There is no guarantee that these favourable factors will persist. Oil prices, in dollars, are now down to levels which will eventually see a tightening of supply. Some producers are already cutting back and budgets for exploration and development have been slashed and production will eventually be affected. Prices could stay low for quite a while but it would be rash to expect $45 crude forever. The exchange rate of the euro likewise: Ireland has had to endure some periods of a strong euro and they could return. The economies of our trading partners, the most important being Britain, continental Europe and the USA, could experience setbacks too and worldwide interest rates cannot stay rock-bottom forever.
The external factors which influence the fortunes of Ireland have been lining up very favourably indeed since the end of 2013. History teaches that you will not be this lucky indefinitely. Moreover, the flaws in the eurozone architecture have been papered over rather than fixed.
Last week the Fiscal Council released its verdict on the recent budget and drew attention to a lack of caution, particularly in expenditure control. If it is unrealistic to expect very rapid economic growth year after year, it is necessary to accept that there is no scope for elaborate tax cuts, or for an expenditure bonanza. The Fiscal Council feels that spending is already off the leash and that there is no margin of error should things get more difficult.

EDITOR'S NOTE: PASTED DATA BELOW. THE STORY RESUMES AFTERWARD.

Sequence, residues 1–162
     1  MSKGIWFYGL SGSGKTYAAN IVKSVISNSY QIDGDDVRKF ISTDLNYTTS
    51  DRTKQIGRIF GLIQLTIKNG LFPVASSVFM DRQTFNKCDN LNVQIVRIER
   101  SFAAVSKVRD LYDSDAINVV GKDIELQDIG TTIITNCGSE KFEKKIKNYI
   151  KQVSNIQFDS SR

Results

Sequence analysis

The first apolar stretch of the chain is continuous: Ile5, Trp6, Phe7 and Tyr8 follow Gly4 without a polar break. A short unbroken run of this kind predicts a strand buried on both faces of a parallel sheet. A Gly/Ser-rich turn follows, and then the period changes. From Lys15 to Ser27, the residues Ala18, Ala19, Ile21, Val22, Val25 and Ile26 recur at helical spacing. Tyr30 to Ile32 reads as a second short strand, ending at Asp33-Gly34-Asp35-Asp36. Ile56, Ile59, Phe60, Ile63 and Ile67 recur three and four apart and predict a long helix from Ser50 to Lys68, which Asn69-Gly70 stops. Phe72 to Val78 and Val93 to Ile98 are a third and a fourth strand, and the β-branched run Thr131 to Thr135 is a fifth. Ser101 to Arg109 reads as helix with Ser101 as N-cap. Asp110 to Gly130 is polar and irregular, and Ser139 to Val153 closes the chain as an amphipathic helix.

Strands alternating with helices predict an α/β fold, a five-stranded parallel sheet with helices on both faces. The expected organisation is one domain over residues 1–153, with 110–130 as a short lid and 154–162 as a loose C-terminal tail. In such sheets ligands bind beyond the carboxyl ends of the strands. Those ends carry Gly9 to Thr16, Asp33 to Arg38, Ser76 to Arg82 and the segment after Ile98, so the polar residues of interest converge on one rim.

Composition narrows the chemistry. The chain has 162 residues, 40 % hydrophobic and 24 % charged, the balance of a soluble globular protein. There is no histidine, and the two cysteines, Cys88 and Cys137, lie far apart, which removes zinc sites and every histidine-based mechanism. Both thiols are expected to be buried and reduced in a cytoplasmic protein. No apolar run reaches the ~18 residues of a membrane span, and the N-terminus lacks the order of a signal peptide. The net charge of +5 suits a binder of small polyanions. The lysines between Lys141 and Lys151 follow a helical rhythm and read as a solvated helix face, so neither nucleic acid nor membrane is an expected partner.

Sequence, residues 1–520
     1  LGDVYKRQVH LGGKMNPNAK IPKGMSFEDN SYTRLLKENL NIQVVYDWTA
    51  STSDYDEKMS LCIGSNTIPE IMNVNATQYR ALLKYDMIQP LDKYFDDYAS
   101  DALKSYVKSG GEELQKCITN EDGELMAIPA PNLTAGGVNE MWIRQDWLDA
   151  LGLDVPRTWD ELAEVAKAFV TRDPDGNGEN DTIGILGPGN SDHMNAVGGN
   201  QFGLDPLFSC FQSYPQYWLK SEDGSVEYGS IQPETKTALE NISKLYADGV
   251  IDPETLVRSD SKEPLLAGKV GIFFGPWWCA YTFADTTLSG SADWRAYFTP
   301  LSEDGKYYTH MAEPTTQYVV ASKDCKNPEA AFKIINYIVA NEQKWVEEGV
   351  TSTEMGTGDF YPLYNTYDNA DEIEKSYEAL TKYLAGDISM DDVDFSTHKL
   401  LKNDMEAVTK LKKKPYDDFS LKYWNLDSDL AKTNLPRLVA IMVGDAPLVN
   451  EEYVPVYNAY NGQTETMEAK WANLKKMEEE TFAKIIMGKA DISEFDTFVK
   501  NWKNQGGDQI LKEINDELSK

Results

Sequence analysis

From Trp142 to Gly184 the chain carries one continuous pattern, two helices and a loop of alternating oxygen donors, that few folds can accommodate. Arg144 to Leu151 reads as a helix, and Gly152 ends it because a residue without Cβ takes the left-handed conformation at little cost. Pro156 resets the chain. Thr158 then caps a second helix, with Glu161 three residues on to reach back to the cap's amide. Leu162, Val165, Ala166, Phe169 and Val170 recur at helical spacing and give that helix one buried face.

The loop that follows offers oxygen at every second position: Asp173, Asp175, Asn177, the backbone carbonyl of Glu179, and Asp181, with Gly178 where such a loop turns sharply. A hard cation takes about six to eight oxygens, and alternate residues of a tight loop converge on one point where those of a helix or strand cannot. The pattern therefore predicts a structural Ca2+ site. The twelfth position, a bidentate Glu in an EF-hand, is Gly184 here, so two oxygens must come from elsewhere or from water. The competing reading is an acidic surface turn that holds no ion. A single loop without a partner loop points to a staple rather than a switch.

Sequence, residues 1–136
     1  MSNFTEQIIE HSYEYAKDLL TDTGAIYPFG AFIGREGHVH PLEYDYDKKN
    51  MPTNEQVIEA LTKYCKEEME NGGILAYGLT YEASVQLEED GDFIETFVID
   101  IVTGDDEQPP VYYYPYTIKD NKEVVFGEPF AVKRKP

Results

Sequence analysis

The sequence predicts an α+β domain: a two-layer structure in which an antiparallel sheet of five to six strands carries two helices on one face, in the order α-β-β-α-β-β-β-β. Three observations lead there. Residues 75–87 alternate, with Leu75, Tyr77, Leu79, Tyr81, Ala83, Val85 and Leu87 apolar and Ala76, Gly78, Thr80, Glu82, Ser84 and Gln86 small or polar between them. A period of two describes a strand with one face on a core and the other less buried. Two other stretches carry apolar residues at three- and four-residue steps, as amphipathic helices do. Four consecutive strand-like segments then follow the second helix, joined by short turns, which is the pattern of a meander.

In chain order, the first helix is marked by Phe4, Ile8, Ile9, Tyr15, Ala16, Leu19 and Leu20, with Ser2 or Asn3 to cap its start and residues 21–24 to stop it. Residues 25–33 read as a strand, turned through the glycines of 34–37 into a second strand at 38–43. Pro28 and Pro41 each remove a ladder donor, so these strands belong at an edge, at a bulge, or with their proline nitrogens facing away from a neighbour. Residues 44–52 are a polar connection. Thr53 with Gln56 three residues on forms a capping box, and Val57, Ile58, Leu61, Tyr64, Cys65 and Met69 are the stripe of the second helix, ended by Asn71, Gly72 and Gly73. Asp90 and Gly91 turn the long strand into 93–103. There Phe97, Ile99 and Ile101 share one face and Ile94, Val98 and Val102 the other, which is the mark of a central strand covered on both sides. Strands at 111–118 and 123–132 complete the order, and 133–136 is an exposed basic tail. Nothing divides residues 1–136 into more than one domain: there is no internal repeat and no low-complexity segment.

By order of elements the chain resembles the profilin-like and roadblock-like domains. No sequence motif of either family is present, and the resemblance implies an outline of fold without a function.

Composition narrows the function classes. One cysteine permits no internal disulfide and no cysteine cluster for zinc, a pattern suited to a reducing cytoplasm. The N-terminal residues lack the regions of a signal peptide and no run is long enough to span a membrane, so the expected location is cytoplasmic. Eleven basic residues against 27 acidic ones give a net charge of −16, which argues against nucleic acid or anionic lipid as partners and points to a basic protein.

There is already the beginnings of a Demolition Derby on the tax base. The Government is still borrowing money so the State debt continues to rise. If the State had no debt, or very little, continuing modest deficits would be of no great concern. But that is simply not the case and any small eurozone country with a high debt level is vulnerable in a downturn. There are politicians espousing, or at least hinting at, tax reductions which would cost numerous billions. For example, there have been suggestions that the Universal Social Charge could be scrapped altogether. This tax will raise €4bn in 2016, an enormous sum for which, of course, no replacements have been proposed. Other hints and suggestions include reductions in income tax, the abolition of water charges and of the residential property tax.
Meanwhile, every lobby group in the country has been re-energised by the infant recovery and there are demands for increases in public service numbers, restoration of pay, extra spending on social programmes, higher pupil-teacher ratios, more social housing and myriad others. The corporate welfare people are also back in business with proposals for pro-business tax breaks and brand new subsidies for things like solar energy.
There are three critical components in a prudent macroeconomic strategy. They concern the budget, the banks and the euro. The budget target should be a modest surplus into the medium term, providing a better margin of error as the Fiscal Council recommends. The current growth spurt provides a painless opportunity to let this happen without austerity budgets.
The banks have yet to deal decisively with the overhang of non-performing loans - they remain large relative to the size of the economy and need stronger capital. They are still vulnerable to the unreformed eurozone arrangements should there be another crisis. There are no guarantees about lender-of-last-resort support, as the Greek banks discovered at the end of June, and there is no domestic capacity to re- capitalise them again in another meltdown.
Instead of insisting on faster write-offs of bad loans, the State is permitting some of them to pay dividends and is planning to take capital out.
Finally, the long-term survival of the eurozone is not guaranteed and every member should be thinking seriously about Plan B.